In addition to assessing levels of familiarity and affinity, the survey will also examine stakeholder perceptions regarding economic issues within the profession, perceived levels of understanding about the importance of veterinary medicine in society among certain stakeholder subsets, the role of the profession in human health and wellbeing and other areas.

Data will be used to inform and shape key communication programs. If you would like to participate in the survey, please click here.

AAVMC Schedules Legislative Briefing on Capitol Hill

The AAVMC will present a Legislative Briefing focused on the role of veterinary medical research in preventing and mitigating global infectious disease outbreaks on Tuesday, June 21 in Room 121 of the Cannon House Office Building from noon  – 1:30 p.m.

Participants will focus on critical gaps in information about Zika, Ebola, and other potential and emerging public health outbreaks, highlighting how veterinary research can help fill these gaps.  Panelists will explore why and how these knowledge gaps impact an effective public health response.

The briefing will emphasize the value of veterinary medical research in building and supporting an infrastructure to be better prepared for public health outbreaks prior to their occurrence.  
Briefing panelists will likely include DVMs from the Centers for Disease Control and Prevention and the National Institutes of Health’s Fogarty International Center, in addition to expert representation from AAVMC member institutions.

Interns and Resident Exemption Intact Under Department of Labor FLSA Announcement

A regulatory statement issued by the U.S. Department of Labor on May 17, 2016 regarding overtime pay for salaried employees has substantially increased the salary threshold for employees entitled to overtime pay.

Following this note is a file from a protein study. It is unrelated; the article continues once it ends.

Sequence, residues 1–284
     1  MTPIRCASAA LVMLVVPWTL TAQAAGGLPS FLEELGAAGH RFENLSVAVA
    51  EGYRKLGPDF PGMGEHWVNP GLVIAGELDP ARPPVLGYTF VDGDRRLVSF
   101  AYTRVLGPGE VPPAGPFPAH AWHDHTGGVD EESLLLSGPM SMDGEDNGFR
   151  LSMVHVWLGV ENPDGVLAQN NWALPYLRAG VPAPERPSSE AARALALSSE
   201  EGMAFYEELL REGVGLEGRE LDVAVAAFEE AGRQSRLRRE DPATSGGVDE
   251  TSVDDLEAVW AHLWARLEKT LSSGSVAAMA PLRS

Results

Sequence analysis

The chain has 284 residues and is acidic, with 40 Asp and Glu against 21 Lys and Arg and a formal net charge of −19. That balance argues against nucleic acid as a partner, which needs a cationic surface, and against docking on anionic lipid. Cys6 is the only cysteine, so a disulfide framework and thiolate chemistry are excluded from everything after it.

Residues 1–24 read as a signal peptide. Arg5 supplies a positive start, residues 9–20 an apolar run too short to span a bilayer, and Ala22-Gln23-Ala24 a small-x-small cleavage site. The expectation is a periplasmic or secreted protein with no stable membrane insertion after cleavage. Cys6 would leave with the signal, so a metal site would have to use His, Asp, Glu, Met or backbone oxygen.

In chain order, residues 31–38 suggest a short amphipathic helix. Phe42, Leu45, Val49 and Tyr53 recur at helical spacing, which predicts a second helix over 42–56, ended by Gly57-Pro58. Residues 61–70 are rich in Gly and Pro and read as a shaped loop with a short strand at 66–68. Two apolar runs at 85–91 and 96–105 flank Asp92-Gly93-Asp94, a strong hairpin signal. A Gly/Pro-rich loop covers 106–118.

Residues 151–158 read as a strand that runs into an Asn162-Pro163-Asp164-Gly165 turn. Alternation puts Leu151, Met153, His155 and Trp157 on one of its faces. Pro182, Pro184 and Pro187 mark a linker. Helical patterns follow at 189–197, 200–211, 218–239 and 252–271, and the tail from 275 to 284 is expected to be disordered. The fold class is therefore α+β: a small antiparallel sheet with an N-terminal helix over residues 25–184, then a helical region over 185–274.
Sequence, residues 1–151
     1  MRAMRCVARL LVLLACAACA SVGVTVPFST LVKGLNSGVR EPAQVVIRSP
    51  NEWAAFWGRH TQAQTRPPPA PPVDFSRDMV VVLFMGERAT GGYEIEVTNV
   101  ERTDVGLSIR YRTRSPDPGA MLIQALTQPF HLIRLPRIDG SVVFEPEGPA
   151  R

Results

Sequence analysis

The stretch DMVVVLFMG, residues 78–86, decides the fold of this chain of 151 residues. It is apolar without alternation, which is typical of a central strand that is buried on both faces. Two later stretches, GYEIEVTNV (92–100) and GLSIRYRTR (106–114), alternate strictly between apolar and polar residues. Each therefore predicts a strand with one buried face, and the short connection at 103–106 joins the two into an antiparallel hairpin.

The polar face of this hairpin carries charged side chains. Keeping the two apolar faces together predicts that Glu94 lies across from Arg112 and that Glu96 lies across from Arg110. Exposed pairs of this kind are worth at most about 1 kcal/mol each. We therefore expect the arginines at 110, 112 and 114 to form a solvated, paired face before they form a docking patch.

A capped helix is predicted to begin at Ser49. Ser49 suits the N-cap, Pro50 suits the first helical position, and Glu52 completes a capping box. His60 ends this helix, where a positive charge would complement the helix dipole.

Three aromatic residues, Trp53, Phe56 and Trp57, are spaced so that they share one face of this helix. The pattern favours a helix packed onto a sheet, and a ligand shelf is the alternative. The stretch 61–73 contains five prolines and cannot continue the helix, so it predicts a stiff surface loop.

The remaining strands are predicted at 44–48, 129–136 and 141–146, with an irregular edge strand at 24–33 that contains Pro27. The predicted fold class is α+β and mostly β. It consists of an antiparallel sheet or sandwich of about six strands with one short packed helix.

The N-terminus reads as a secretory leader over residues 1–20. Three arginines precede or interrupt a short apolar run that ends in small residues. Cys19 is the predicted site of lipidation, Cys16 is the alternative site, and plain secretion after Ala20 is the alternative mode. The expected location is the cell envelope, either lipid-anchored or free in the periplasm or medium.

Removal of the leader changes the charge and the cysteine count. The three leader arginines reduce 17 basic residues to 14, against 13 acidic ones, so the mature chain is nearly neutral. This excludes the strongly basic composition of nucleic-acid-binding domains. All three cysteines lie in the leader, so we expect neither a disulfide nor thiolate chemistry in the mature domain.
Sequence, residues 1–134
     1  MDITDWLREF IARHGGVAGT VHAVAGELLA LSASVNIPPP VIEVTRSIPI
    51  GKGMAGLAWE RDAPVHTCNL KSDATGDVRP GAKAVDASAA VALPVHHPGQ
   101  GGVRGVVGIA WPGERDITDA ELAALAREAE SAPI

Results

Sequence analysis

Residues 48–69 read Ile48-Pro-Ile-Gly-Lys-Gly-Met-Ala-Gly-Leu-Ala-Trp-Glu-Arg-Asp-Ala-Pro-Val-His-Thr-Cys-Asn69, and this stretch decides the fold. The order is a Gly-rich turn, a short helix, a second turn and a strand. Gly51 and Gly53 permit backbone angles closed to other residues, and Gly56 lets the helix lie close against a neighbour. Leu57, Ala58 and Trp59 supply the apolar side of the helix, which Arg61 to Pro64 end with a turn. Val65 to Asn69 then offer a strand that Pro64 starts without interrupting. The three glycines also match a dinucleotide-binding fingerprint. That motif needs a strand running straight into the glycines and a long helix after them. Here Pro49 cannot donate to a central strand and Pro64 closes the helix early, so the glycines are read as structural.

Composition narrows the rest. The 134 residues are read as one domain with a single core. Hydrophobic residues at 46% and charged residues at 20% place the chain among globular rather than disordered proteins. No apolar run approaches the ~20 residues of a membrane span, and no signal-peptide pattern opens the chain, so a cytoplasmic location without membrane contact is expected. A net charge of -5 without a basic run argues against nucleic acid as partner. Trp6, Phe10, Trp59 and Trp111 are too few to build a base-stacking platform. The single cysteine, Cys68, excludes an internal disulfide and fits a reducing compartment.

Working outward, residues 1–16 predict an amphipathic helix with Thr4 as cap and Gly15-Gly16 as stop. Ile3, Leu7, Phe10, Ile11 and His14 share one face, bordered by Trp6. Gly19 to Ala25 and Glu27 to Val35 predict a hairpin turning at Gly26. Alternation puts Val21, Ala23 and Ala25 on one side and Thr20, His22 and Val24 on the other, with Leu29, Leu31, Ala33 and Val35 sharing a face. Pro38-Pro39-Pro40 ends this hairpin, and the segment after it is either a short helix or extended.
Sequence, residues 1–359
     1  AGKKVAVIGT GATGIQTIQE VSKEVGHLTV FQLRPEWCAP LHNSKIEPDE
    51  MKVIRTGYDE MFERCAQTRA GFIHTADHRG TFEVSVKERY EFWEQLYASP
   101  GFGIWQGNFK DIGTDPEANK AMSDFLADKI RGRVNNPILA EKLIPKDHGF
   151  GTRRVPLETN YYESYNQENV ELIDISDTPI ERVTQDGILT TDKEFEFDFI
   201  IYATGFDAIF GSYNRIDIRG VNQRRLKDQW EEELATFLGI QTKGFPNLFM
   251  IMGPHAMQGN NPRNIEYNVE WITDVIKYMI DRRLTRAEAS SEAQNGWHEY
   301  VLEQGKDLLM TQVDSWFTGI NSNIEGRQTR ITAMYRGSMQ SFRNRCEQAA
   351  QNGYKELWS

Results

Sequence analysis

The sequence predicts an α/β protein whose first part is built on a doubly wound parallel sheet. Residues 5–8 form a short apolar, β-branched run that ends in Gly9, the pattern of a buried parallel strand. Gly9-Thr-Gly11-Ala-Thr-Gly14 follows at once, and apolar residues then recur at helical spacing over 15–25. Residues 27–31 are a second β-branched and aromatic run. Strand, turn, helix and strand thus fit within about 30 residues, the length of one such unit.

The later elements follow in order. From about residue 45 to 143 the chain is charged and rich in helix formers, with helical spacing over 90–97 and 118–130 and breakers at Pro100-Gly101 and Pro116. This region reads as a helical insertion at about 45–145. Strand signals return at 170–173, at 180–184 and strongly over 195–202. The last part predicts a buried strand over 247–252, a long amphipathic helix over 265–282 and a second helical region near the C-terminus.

The ruling will likely impact some staff, graduate students, research assistants and post-doctoral students at member institutions. However, as outlined in a letter from AAVMC Executive Director Dr. Andrew T. Maccabe to deans of U.S. member institutions on April 28, “it is clear to us that veterinary medical interns and residents are exempt from the rule” under both the “Practice of law or medicine” and “Learned professional” exemptions.

The changes were articulated in a policy directive titled “Defining and Delimiting the Exemptions for Executive, Administrative, Professional, Outside Sales and Computer Employees under the Fair Labor Standards Act (FLSA)."  Under the new provisions which are effective December 1, 2016:
  • The minimum income threshold for exemptions is increased from $23,660 to $47,476 (DOL original rule was $50,440)
  • The salary level is pegged to 40th percentile of full time workers in the lowest wage census region of the United States (currently southeast) and will adjust every three years (DOL original rule sought annual updates).
  • No changes were made to the “duties test” for exemptions or the “teaching exemption.”